Guest Post: JACQUELINE GEORGE reports on a new endangered species

It’s not quite April 1st yet, but after a winter of  my serious (dis-)content, it is definitely time for a bit of comic relief . Although this story sounds a bit over the top, Jaqueline has sworn on a stack of Bibles that it is the truth. I believe her implicitly. Who could be so cruel as to make up such a story?

jacqueline george tag small

A long time ago, I was an author in search of an agent or publisher.
Only a writer can truly appreciate the morbid sound of that. Never mind,
I had a historical novel on offer and a book of very naughty short
stories. So I supported the local Post Office single-handed as I sent
out letter after letter. Mostly unanswered, but the few answers I got
hinted at my effrontery in approaching the upper tiers of the book
trade. Who did I think I was?

And then a break-through. I remember it so well, sitting at my computer
and receiving an invitation to submit a manuscript to a London agent.
Then I waited, and waited. Eventually, I sent a timid email and was told
the agent in question had gone into hospital and was not expected to
return to his desk — ever.

Then another break. An American e-publisher (they were much rarer then)
liked the naughty stories, and would publish them! In two months’ time! I
had made it at last. Six weeks later I received a general email saying the publisher had just been diagnosed with lung cancer and had 6-8 weeks to live. Obviously, publishing my book was not uppermost in his mind.

His wife passed the company on, and my book was released 6 months later
and did well. By then I had a second book ready, a tale set in Central
Europe (The Prince and the Nun). The new literary editor wrote it was
the best thing she had read in decades. She dropped off her perch soon
after and never saw it published.

We moved to Australia shortly afterwards, and I decided I really needed
to be part of the proper publishing industry. I started sending out
letters to Australian agents. Nothing had changed, except the level of
condescension. Either that, or my worm-like status had declined even

Eventually, a kindly gentleman actually asked for a manuscript! Wow!
Home at last. My next communication was not exactly from him. It was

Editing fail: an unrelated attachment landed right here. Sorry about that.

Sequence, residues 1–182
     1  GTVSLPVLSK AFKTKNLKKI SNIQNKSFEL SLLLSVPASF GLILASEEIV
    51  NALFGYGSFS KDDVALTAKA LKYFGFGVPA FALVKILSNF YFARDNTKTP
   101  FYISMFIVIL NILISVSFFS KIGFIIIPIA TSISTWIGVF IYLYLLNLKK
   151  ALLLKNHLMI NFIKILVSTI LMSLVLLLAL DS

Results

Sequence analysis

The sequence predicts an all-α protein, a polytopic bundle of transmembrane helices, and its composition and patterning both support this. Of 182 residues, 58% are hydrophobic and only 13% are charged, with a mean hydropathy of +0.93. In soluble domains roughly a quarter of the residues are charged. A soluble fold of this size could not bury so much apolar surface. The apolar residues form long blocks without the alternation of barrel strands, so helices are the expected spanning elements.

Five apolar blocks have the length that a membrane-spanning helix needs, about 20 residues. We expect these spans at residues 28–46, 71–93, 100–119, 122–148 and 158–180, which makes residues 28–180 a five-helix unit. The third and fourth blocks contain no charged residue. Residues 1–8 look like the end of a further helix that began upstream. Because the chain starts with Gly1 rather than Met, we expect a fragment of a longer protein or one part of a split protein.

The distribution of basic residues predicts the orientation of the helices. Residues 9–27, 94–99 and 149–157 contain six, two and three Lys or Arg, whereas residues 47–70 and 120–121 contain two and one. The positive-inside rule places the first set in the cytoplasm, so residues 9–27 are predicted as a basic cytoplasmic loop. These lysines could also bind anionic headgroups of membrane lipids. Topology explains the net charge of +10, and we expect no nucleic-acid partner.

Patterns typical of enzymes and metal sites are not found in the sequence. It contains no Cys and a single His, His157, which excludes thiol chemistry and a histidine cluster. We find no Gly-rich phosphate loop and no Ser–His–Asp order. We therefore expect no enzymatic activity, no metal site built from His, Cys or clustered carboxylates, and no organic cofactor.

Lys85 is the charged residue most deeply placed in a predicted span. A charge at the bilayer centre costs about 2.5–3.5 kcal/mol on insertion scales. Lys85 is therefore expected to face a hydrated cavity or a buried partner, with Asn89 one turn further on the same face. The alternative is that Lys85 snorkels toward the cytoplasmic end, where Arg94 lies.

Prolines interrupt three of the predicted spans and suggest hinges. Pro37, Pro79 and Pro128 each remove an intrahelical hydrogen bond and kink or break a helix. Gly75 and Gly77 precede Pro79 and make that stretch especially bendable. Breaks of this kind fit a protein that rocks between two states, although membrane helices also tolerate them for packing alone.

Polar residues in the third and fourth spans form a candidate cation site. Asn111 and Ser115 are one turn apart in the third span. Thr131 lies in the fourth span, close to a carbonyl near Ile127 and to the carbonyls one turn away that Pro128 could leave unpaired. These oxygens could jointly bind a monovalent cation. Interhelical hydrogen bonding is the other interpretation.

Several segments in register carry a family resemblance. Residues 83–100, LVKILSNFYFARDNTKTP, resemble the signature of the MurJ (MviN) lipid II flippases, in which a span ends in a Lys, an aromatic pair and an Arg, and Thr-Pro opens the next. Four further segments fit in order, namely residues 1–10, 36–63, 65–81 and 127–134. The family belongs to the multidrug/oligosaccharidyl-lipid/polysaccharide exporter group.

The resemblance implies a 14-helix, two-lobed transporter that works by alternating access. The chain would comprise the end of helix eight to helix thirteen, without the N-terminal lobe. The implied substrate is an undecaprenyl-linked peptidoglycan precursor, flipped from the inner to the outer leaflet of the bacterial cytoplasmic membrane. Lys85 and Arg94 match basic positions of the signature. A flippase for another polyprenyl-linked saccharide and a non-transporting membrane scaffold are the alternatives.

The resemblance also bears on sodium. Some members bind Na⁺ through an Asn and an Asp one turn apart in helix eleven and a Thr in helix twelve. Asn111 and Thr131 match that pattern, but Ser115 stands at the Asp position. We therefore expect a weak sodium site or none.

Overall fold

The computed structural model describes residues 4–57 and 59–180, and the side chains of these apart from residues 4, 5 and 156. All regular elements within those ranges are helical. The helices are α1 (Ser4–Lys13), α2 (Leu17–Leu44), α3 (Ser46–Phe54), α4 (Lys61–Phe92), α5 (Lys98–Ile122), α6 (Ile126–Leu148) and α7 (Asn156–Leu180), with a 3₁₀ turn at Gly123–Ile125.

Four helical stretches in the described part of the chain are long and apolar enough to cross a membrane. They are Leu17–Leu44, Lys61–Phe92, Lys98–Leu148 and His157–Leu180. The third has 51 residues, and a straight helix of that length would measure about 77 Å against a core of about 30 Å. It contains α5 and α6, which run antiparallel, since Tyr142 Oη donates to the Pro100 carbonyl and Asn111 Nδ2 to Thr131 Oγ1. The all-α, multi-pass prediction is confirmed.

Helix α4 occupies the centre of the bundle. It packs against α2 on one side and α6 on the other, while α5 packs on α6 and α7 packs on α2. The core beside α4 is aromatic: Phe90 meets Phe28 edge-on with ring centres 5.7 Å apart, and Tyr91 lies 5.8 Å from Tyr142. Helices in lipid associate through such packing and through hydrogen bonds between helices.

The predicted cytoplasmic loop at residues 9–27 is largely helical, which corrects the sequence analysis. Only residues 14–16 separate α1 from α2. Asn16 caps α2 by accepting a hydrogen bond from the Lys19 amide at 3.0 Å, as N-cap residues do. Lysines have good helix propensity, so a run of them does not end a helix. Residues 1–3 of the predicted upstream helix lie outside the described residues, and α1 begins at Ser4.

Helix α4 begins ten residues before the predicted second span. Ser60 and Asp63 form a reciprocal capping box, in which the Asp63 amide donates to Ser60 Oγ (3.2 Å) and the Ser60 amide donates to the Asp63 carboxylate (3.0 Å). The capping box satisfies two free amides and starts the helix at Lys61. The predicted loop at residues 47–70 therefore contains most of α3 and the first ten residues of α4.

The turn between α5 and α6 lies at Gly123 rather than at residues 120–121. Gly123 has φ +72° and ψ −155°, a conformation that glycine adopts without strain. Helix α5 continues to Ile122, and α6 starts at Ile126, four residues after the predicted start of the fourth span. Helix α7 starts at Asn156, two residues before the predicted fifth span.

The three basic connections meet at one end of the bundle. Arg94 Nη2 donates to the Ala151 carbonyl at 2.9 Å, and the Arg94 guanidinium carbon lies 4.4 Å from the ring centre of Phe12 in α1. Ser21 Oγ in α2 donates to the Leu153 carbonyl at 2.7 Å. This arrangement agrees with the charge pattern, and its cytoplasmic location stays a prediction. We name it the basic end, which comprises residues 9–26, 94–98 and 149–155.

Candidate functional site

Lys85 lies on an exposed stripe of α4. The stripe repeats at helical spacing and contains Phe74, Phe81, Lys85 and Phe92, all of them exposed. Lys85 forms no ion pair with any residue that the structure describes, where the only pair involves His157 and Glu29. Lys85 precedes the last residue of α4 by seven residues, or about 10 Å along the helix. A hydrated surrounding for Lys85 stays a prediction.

from the lady tasked with clearing the effects of the late Mr W…

Well, a plague on them all. As far as I am concerned, the whole tribe of
publishers and agents (especially the Australian variety) can go and sit on their ivory towers — and I do mean on. If they are not going to stay alive long enough to publish my books, I will bloody well do it myself.
I can’t say it’s easy, but I now have a little business called Q~Press
devoted to publishing MY books. The Q~Press Literary Editor (me) accepts
everything I write and compliments me on its amazing quality. I even
offer to help other authors with the mysteries of ISBNs, and bar-codes,
and formatting etc. In fact everything except publishing. They can use
my experience and even the Q~Press name, but when it comes to
publishing, they are on their own. I don’t intend letting go of my perch
anytime soon.



Jacqueline lives in Far North Queensland, on the shore of the Coral Sea. She keeps herself busy with her cats and garden, and by writing books – some of which are far too naughty for her own good. You can find out more about Jacqueline and her books at





Filed under Beginnings, Fiction and Other Truths, Writing

6 responses to “Guest Post: JACQUELINE GEORGE reports on a new endangered species

  1. Sue Sykes

    Decided to reply directly – poor Jacqueline George – she seems to kill off all her contacts before they are able to help her. I’m thinking black widow spider…. Sue

    • Now let’s not be so hard on Jacqueline. It would hardly have been in her own interest to kill off the very people who wanted to publish her stories.She’s just had a lot of bad luck over the years – until she realized she could take her fate into her own hands and get on with publishing on her own terms.

  2. A black widow? Oh, that’s so hurtful! It’s not my fault if the poor dears can’t stand the pace. They should be made of sterner stuff – like authors have to be.

  3. Self referential rubbish, or in plainer jayner English an evanescence of an industry ( if, in using that word, I’m not insluting people who actually do something ) up it own fundament in a puff of blue smoke. Blue as in the soft porn to which your scribette admits. C’mon Sheilah bring the dunny wall out in paperback.

  4. nicnudie – producing paperbacks nowadays is almost as easy as releasing ebooks. The difficulty is selling them. That is what publishers are meant to do – if they stay alive long enough.

    • …And there is the rub! The agents/publishers not only need to survive but also market books. General frustration (from the writer’s side) with the publishing industry is nothing new, Even if you get a bonafide contract with a publisher, there is no guarantee that they will actually do anything much to sell your book. Their marketing budgets are reserved to push their big brand names. A no-name – who can, coincidently, write well – gets short shrift, and if after ca. 3 months (so I’ve read) a miracle has not occurred that sells the book big-time, it’s thrown out of print. dch

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